Chunkie Gussie c 2018

Which brings me next to their namesake – my aunt, my great great aunt, that is, and according to legend, our family’s wild child – Augusta Elisabetha Steig, aka Gussie.

In these photos taken around 1905, she would have been about 19 years old, and since the only images I have of her are at this age, there she stays for me.

I’m thinking of her now, forever young – and wonderfully wild. 

You go girl.

Paper toys 2018

With the onset of September, my to-do list signals that the time is right for holiday planning – making the paper toys, that is, for Hoss gift giving assignments, our annual event.

2018 pick1.jpg

Commemorated on this year’s ornament is my sister-in-law Madeline – retired special education teacher, avid gardener and chef, poet, and most notably for my purpose now – botanical artist.

Stunning, right?  I save everything she sends.

2018 pick3.jpg

Happy holidays for real, before we know it.

Mrs. Donahue

Peter received a gift from a friend recently of carefully packaged vintage newspapers where headlines highlighted historic sports events.  It’s a fun keepsake for sure, and one that our babies Violet and Jack might well enjoy too, someday… but knowing my penchant for neatness, and tendency to too quickly recycle (guilty as charged), he decided to store his treasure box deep in the bottom drawer of his bureau, where, come to find out, he puts other special items to ensure their safety – like our old address book, newly discovered.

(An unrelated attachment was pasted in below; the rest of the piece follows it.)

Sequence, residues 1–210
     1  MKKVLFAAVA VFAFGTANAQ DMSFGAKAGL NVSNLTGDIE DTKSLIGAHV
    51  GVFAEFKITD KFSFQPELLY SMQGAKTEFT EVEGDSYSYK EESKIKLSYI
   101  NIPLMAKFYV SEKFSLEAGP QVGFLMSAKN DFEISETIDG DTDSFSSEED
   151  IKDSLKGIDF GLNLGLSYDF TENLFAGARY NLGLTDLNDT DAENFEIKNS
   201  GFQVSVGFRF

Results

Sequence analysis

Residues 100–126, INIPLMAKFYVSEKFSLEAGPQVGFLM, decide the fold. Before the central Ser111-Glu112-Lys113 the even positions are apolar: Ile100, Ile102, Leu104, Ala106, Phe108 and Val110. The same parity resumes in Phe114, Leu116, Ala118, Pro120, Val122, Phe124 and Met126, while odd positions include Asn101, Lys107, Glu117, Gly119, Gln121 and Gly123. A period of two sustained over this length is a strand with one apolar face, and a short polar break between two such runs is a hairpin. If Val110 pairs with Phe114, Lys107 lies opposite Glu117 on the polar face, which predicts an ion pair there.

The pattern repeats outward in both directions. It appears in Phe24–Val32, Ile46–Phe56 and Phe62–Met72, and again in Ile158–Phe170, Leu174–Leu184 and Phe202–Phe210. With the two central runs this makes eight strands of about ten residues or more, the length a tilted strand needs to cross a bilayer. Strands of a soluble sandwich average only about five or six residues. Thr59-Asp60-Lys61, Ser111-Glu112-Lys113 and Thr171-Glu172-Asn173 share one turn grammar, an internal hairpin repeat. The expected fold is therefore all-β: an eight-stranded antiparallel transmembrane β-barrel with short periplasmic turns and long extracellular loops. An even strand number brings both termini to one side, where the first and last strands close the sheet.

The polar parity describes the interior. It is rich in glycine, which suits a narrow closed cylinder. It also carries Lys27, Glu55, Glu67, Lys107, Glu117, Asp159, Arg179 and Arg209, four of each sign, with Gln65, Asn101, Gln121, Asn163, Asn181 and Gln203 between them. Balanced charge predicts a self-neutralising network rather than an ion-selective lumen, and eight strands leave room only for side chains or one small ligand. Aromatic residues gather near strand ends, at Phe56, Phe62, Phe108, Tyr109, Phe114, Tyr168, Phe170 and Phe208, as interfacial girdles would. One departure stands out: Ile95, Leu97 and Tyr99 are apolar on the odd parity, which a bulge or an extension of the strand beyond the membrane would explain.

address book1.jpg

Judging from its contents this is circa 1990s, right about the time I was keying our family data into my new apple computer – moving us too quickly into the future for my husband’s comfort I guess, hence its stashing. He came clean and revealed the find, expecting me to rip out the pages and uncoil the wire binding as prep for the recycle bin, but I couldn’t – at least not yet.  This was a time capsule and I needed a closer look.

address book2.jpg

Area codes were just then being assigned and required for calling.  I’d forgotten that transition.  I found addresses of friends and family who had moved away, or passed away, phone numbers for old employment, business contacts, and service people.  We were immersed in Juliet’s world then – her classmates and their parents, summer camp, her orthodontist.  My parent’s page had been erased and rewritten several times as evidence of their multiple moves since my high school graduation years before.  I kept them in my hometown too long, and they were like a clock wound too tightly that needed release.  And there were some names I don’t recognize at all, such as Mrs. Donahue, that honestly would freak me out a bit, except that Peter doesn’t remember them either.  It’s nice, at least, to have company on that front. 

I’ve lost track of many – no, most – of the people on these pages.  It happens, life goes on.  But remembered or not, as thank you to all the people who have participated in and enriched our lives along the way Mrs. Donahue will be the name of my next soon-to-be-published sweater design.

Let the recycling begin. 

Update:  Mrs. Donahue, my latest knit design, just published 9/15/2018. 

I know that look